Using data from the health care administrative databases from the Ontario Ministry of Health and Long-Term Care (MOHLTC) in Canada, we sought to examine the association of GDM and the risk of future HF. We hypothesized that GDM would be associated with an increased risk of HF, and thus, identification of GDM in young women can help in the stratification of the risk of future HF.

Study Population

Our sample of participants consisted of women who have data captured in the health care administrative databases from the MOHLTC in Ontario, which is the most populous province in Canada.

Data Sources

The databases include the Canadian Institute for Health Information (CIHI) Discharge Abstract Database from all hospitalizations in the province; the Ontario Health Insurance Plan physician service claims for reimbursement for virtually all consultations, procedures, and visits; and the Registered Persons Database for demographic information for all residents eligible for health care in Ontario. The Ontario Diabetes Database is a validated registry of physician-diagnosed nongestational diabetes that is derived using these data as well as prescription records (20). The MOMBABY database is derived from hospitalization data and links hospitalization records of delivering mothers with their newborn babies. The results of the GCT and OGTT tests were obtained from the Ontario Laboratory Information Service, which includes data for laboratory test orders and results from community, hospital, and public health laboratories across Ontario. Laboratories have gradually enrolled in Ontario Laboratory Information Service to contribute their data, starting in 2007. Individuals are linked between data sources through a unique and reproducibly encrypted health card number. These data sets were linked using unique encoded identifiers and analyzed at the Institute for Clinical Evaluative Sciences (ICES).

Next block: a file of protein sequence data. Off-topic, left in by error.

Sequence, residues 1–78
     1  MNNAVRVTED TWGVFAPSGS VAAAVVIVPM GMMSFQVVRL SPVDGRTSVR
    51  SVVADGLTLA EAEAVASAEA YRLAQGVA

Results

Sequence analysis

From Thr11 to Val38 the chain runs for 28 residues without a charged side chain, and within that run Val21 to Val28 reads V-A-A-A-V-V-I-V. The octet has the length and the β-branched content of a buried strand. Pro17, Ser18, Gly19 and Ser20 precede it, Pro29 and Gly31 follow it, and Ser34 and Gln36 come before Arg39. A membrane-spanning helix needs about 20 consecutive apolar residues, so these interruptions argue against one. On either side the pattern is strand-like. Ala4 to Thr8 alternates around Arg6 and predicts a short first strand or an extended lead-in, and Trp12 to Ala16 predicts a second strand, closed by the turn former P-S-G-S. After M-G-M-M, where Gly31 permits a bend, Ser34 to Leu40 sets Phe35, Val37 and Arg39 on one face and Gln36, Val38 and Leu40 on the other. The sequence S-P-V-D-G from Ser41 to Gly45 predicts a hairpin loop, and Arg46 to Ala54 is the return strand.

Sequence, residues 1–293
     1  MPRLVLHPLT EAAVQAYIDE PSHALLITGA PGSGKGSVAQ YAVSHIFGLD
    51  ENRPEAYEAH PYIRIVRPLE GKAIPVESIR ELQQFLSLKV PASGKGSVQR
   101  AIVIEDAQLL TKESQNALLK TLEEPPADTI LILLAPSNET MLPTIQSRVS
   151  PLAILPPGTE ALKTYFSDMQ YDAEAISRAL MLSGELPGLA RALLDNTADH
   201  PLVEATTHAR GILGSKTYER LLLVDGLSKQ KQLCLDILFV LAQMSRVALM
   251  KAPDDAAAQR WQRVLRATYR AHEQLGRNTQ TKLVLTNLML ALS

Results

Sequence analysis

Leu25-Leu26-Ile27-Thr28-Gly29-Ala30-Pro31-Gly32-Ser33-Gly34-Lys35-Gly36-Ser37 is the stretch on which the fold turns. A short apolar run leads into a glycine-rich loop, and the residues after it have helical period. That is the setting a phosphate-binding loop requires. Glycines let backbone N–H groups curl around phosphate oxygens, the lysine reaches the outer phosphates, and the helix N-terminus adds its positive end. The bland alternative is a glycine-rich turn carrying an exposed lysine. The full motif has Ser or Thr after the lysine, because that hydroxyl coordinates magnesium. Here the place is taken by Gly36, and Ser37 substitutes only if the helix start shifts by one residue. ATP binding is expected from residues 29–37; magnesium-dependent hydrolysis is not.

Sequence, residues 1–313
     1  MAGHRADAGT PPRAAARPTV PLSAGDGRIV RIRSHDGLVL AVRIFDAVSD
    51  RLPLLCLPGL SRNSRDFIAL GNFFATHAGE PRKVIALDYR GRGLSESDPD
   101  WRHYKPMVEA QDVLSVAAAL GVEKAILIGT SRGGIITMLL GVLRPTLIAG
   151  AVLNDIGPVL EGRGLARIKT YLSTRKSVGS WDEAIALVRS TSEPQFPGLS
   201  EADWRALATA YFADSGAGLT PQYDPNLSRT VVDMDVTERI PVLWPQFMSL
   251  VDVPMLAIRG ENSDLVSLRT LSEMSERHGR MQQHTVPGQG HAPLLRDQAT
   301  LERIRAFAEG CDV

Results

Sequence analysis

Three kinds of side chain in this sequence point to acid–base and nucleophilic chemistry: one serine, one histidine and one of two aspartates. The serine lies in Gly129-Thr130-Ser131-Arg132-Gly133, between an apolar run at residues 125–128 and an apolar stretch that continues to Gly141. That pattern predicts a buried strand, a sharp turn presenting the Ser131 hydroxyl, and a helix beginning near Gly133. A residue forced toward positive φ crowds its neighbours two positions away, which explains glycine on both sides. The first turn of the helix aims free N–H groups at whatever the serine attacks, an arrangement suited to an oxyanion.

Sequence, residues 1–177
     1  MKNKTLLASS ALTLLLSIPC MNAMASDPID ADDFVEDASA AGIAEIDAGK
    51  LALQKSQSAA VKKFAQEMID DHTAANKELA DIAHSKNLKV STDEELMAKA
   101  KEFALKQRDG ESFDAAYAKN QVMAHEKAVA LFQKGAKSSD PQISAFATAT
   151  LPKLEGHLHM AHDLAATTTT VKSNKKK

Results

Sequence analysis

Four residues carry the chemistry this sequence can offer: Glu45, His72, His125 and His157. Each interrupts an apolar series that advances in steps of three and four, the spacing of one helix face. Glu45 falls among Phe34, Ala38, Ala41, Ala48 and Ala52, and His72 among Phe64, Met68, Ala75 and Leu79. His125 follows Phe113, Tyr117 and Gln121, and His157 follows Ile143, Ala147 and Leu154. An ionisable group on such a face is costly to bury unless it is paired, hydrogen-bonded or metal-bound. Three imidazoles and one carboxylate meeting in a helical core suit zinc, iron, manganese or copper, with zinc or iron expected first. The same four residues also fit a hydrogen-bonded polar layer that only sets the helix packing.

Inclusion and Exclusion Criteria

In the current study, we included all women with a live birth singleton delivery, during a period spanning from 1 July 2007 to 31 March 2018. We excluded women with a history of diabetes before pregnancy or a history of HF prior to the index pregnancy. The additional criteria of exclusion from the study are detailed in the Supplementary Fig. 1.

The use of data in this study was authorized under section 45 of Ontario’s Personal Health Information Protection Act and hence does not require review by a Research Ethics Board.

The data set from this study is held securely in coded form at ICES. While legal data-sharing agreements between ICES and data providers (e.g., health care organizations and government) prohibit ICES from making the data set publicly available, access may be granted to those who meet prespecified criteria for confidential access, available at https://www.ices.on.ca/DAS (e-mail: das@ices.on.ca). The full data set creation plan and underlying analytic code are available from the authors upon request, under standing that the computer programs may rely upon coding templates or macros that are unique to ICES and are therefore either inaccessible or may require modification.

GDM Ascertainment

The algorithm for identification of GDM in our study is shown in Supplementary Fig. 2. It is based on the screening strategy recommended in Canada (19).